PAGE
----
INTERLUDE: What the heck is the NAEP?

FRIDAY, JUNE 23, 2023

Main Naep as opposed to Long-Term Trend Assessment: In yesterday morning's New York Times, Dana Goldstein penned a somewhat cogent report about the latest batch of test scores from the National Assessment of Educational Progress (Naep).

At various points, the report was well written. That said, the news was unmistakably bad.  Headline included, Goldstein's report began as shown:

What the New, Low Test Scores for 13-Year-Olds Say About U.S. Education Now

The math and reading performance of 13-year-olds in the United States has hit the lowest level in decades, according to test scores released today from the National Assessment of Educational Progress, the gold-standard federal exam.

The last time math performance was this low for 13-year-olds was in 1990. In reading, 2004.

Performance has fallen significantly since the 2019-2020 school year, when the coronavirus pandemic wrought havoc on the nation’s education system. But the downward trends reported today began years before the health crisis, raising questions about a decade of disappointing results for American students.

Without any question, the Covid pandemic seems to have affected public school performance in a substantial way. That said, Goldstein failed to distinguish between the two different testing programs which are administered as part of the Naep.

Over the course of the next week, we'll continue to look at the widely discussed Naep scores which have been recorded, in recent years, by kids in the Mississippi public schools. In hopes of eliminating possible confusion, let's describe the two (2) parallel testing programs administered within the Naep.

The so-called "Main Naep"

The so-called Main Naep has been in existence since 1990. As its name suggests, it's now considered to be the Naep's primary testing program.

Among other subjects, the Main Naep tests students in Grades 4, 8 and 12 in reading and math. Due to the size of the samples of students who get tested, the Main Naep is able to report reliable data for the nation as a whole, and for each of the fifty states.

In writing about Mississippi's public schools, the Associated Press was referring to that state's performance in recent years on the so-called Main Naep. Until a one-year delay in 2021 due to Covid, the Main Naep was being administered on a biannual basis.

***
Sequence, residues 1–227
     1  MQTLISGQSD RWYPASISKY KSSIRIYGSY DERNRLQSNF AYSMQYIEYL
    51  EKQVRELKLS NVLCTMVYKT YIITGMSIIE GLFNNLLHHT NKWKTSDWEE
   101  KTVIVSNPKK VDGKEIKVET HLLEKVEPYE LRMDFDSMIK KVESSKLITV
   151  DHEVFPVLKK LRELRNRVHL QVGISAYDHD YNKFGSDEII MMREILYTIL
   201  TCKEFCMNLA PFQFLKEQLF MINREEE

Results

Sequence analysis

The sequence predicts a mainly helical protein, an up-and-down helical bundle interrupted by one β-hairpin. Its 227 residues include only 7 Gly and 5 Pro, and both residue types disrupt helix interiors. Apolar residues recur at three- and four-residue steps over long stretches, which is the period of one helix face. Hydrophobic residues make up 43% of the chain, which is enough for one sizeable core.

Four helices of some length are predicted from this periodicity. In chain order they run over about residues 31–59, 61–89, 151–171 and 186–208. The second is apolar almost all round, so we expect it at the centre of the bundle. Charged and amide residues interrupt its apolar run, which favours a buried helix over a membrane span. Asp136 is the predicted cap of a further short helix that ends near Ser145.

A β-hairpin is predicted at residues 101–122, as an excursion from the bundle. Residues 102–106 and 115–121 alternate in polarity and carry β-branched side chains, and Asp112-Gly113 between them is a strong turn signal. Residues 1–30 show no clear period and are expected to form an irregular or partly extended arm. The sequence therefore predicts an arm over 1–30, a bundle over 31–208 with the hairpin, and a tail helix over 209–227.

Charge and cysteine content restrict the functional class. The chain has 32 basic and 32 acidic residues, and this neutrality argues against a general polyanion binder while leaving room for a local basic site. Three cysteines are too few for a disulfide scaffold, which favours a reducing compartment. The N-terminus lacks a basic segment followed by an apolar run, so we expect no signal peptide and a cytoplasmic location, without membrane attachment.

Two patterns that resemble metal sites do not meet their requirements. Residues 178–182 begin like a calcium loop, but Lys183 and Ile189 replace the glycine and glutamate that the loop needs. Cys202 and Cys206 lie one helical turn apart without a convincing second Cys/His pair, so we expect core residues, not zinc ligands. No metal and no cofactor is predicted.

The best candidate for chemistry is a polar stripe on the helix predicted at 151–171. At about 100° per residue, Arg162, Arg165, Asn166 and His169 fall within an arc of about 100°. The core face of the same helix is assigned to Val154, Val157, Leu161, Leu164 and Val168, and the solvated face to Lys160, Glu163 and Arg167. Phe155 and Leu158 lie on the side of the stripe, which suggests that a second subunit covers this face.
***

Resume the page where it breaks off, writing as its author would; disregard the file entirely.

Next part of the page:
The Long-Term Trend Assessment

Goldstein's report in the New York Times referred to brand new data from the Naep's parallel testing program, The Long-Term Trend Assessment. Like the Main Naep, this program tests students in reading and math—but it tests students who are 9, 13, and 17 years old, regardless of what grade they're in.

Key point—the so-called Long-Term Trend Assessment is older than the Main Naep! The program dates to the early 1970s, when the federal government began tracking student achievement. 

This original testing program is now administered more rarely than the Main Naep. As noted, Goldstein was reporting new results from the 2022-2023 school year.  Before that, the Long-Term Trend Assessment had last been administered in 2020, and in 2012 before that. 

For Kevin Drum's overview, click here.

When we return to Mississippi's kids, we'll be discussing the way they've performed in recent years on the Main Naep. That said, this passage from Goldstein's report applies to Naep testing in general:

GOLDSTEIN: In the highly decentralized American education system, NAEP is one of the few consistent tests given across states lines over many years, making the results easily comparable.

Scores on the exam do not result in any rewards or punishments for students, teachers or schools, making them especially useful for research purposes, since there are fewer incentives to cheat or teach to the test.

As compared to our various statewide testing programs, "there are fewer incentives to cheat or teach to the test" on the Naep?